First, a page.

Monday, February 22, 2010

A lazy boy film

"275 per ticket, Madam", he said.

I gaped at him.

"Recliner seats, Madam", he said sympathetically.

"Can't you give me normal seats?" I gasped.

 "No, only recliner seats, Madam."

I rushed into the theatre, determined not to waste a minute's worth of my 275 rupees. They were still cleaning up after the last show.

Dhanno raised her eyebrows and said, "Mom, they'll let us know when they've finished."

Once inside the candy-striped auditorium, I pushed the back of my seat.

Dhanno said, "It's not a bus seat, Mom. Just wait."

She found a secret switch in the copious folds, and the chair extended, my legs went up, my back slid back.

"More, more," I said, "that's enough."

A little boy passing by squealed, "Daddy, I want a seat like that."

I was inclined to pull out my tongue at him, but his Daddy pulled him away, reassuring him that his seat was going to be as wonderful as mine.

"Oh no," I said, as it suddenly struck me, "how will I get up for the National Anthem?"

On the dot, the screen commanded, "Stand up for the National Anthem." I scrambled out of my seat; the chair lurched with me. Dhanno meanwhile, pressed a switch, her recliner went back to a normal position, and she stood beside me, tapping her foot impatiently while I shook myself straight.

"I almost fell," I said.

She nodded coldly. I noticed for the first time that the group of actors singing the National Anthem have weird eye-lines, because they are all keyed in. The thought that each actor has been shot separately against a green background depressed me for some reason. I slid back into the chair with relief.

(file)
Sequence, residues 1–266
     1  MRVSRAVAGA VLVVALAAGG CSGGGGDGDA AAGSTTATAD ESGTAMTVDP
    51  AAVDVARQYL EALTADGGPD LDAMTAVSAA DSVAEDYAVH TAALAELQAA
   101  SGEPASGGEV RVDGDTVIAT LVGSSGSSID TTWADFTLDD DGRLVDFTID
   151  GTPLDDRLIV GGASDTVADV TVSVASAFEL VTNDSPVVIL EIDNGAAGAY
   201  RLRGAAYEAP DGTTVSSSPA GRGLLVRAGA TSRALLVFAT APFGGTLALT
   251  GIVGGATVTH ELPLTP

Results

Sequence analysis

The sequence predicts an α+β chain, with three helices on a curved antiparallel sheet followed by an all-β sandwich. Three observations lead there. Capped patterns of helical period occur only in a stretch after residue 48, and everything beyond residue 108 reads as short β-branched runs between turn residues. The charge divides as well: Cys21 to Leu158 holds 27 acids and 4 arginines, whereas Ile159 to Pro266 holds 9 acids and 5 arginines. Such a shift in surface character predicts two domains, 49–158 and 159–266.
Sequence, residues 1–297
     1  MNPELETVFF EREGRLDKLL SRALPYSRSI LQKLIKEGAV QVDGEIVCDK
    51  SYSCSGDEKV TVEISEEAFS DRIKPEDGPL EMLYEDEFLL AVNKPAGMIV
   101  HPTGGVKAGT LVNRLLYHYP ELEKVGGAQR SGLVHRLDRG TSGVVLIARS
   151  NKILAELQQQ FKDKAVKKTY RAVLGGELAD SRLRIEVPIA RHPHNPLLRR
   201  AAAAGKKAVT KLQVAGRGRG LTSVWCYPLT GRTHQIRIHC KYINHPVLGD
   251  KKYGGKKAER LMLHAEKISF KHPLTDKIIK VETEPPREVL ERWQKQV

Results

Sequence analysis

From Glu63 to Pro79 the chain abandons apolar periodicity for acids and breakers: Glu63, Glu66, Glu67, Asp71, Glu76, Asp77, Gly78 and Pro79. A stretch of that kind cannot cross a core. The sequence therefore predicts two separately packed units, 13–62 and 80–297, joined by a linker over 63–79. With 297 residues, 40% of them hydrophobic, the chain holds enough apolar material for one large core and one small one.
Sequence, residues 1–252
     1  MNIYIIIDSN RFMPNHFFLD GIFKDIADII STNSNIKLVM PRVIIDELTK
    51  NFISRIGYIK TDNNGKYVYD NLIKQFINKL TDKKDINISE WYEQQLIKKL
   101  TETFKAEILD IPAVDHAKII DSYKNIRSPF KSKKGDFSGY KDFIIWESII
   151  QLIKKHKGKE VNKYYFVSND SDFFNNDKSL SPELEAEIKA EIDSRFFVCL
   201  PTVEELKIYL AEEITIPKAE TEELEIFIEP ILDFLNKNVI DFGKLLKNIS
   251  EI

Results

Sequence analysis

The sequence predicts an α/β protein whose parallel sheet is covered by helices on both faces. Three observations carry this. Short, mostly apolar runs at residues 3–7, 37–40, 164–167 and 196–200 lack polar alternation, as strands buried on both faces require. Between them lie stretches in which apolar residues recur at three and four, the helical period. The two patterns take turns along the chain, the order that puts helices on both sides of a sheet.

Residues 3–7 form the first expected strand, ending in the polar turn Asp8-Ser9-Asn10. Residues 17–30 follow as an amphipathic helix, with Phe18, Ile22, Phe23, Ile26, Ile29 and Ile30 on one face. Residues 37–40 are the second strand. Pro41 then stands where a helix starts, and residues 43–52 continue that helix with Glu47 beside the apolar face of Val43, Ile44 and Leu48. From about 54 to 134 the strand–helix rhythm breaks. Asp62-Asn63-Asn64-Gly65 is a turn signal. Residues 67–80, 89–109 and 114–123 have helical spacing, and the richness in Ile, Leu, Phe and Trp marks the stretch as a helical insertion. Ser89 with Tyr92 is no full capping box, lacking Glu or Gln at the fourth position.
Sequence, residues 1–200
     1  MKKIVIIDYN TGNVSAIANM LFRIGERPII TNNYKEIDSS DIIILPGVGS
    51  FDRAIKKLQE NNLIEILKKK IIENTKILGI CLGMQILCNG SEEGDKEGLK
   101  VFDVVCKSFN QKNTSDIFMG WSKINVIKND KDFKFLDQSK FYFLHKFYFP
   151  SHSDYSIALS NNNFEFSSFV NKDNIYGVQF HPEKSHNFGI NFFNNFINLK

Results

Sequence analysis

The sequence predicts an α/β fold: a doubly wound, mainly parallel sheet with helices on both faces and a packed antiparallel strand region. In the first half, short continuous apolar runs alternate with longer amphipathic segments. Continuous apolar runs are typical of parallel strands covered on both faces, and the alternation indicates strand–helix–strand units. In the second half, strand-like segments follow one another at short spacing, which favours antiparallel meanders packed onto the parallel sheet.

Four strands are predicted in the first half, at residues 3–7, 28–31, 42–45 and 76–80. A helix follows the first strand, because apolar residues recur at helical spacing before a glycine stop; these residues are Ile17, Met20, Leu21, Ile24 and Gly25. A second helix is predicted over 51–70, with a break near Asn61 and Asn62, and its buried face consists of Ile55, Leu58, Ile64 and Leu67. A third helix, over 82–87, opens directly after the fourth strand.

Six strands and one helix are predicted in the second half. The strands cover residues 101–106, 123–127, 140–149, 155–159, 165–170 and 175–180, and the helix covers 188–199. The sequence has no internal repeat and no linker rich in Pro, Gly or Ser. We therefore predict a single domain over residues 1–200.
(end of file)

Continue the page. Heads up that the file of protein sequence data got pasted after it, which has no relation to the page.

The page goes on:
"Should we have some popcorn?" I said.

"No, we've just had dinner, and you always say that the popcorn gives you a headache," Dhanno admonished.

"Will you share the popcorn with me?" I said, ignoring her.

She refused to answer.

I asked the usher next to me, "Could you get me a regular popcorn?"

He said, "Only large, Madam, no regular."

I sank into the seat, defeated.

"Isn't this chair like the one Joey has in 'Friends'?" I said.


"No," Dhanno said, "That's a Lazy Boy."

"This is a Lazy Boy," I said.

"No, it isn't," Dhanno said, "for one, a Lazy Boy is much larger."

"This is nice too," I said.

I slid the back further. The ceiling was candy-striped too.

"That's hypnotic," I thought.

I woke up from a nap much later, and looked around. Peace prevailed, as people slept on their recliners. Dhanno looked more amicable in her sleep. Only the little boy behind me was awake. He was playing with the switch and had succeeded in turning his recliner into a swing. This time, I did pull out my tongue at him. His Daddy was asleep.

So yes, do go see 'Toh Baat Pakki' if you can book yourself into a recliner chair. If you own a Lazy Boy, then stay home and watch TV instead.  Even if you don't have a Lazy Boy, stay home and watch TV instead.

There's enough bad acting, screenplays, camera work, music on the small screen to sedate you, you don't need to go to the theatre for that.

Wednesday, February 03, 2010

comfort films

If you are stuck in a hotel room all by yourself, even if it is a very nice hotel room,

and you've made those calls to your family that you've tried desperately to stretch for over 30 minutes, because you so want to be home,

and your family is going all, "why don't you relax, and take that holiday from home and us that you are always talking about?",